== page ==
понедельник, 31 января 2011 г.

Private inheritance and std::auto_ptr

Some time ago I have encountered a problem. When I was writing implementation of an interface class, I forgot to specify inheritance access-specifier, so the private-inheritance is assumed by default. It is illustrated in the following example:

class A
  virtual void Method() = 0;
  virtual ~A();

class B: /*private*/ A
  virtual void Method();

And I used a factory to create an instance of the class B:

std::auto_ptr<A> CreateB()
  return std::auto_ptr<A>(new B());

As you must know, private inheritance limits access to a base class for B class clients.  But technically it is still accessible, see 11.2 paragraph 3 of the C++ standard:

Because of the rules on pointer conversions (4.10) and explicit casts (5.4), a conversion from a pointer to a derived class to a pointer to an inaccessible base class might be ill-formed if an implicit conversion is used, but well-formed if an explicit cast is used.

The previous code doesn’t use an explicit cast, but still compiles without any errors and warnings by Microsoft Visual Studio 2005 SP1 C++ compiler. It is known that this version has a bug in auto_ptr implementation, that allows any pointer to be passed in the constructor. But my header files was already patched (once I have spent several hours debugging a code). Then I wrote some more examples to test compiler behavior:

A* pa = new B();              // compile error, ok
B* pb = new B();

std::auto_ptr<A> a(new B());  // compile error, ok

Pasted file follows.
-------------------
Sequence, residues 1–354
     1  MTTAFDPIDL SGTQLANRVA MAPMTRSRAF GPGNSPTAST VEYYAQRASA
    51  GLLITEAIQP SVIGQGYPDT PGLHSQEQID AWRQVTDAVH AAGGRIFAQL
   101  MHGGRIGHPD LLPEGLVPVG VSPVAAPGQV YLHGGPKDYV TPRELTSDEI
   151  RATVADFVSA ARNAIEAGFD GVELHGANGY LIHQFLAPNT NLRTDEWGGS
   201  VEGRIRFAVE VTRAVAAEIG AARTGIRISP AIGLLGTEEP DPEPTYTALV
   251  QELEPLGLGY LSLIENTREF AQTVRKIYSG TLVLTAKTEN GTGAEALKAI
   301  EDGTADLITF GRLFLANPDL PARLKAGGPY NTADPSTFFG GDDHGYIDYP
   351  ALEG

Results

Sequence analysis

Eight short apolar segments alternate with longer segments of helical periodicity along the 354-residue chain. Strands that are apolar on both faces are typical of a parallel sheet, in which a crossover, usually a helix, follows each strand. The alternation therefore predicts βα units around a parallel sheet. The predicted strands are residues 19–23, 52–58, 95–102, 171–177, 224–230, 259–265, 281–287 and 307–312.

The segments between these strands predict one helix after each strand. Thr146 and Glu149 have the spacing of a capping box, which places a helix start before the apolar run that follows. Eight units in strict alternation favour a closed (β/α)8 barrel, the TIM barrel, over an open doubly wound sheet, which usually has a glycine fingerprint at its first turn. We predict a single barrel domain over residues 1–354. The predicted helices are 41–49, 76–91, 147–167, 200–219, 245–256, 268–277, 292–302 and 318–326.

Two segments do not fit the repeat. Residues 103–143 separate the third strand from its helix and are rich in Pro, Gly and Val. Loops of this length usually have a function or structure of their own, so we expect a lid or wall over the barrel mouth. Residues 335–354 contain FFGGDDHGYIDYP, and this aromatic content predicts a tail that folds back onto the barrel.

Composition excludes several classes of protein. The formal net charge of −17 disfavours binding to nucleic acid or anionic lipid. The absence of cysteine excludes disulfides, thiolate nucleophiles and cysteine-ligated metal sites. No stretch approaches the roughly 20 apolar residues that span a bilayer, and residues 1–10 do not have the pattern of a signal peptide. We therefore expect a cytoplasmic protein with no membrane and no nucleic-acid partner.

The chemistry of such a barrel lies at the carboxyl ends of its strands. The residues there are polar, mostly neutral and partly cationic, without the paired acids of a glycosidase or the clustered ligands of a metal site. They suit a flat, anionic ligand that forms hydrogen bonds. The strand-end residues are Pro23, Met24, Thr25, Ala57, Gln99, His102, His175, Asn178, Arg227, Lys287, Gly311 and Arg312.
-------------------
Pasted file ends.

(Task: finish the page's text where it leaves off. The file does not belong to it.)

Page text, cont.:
a.reset(pb);                  // compile error, ok

std::auto_ptr<B> b(new B());
a = b;                        // compile error, ok

// oops! this works! o_O
return std::auto_ptr<A>(new B());

I’ve also tested this examples with the Microsoft Visual Studio 2008 and 2010.  Both still compiles without any errors and warnings, but the last displays IntelliSence error:


Fortunately I also compiled my code with GCC 4.4.3 compiler, and it works as it should be, producing an error: “A” is inaccessible base class of “B”. This is no a serious error, but this remind us that it is good when compiler finds out our typos, malformed and dangerous expressions. And it is good to set a maximum warning level when compiling code or use several compilers. As proverb says, two heads is better then one.

This is my first post in English, so feel free to send corrections. And of course, comments are welcome!

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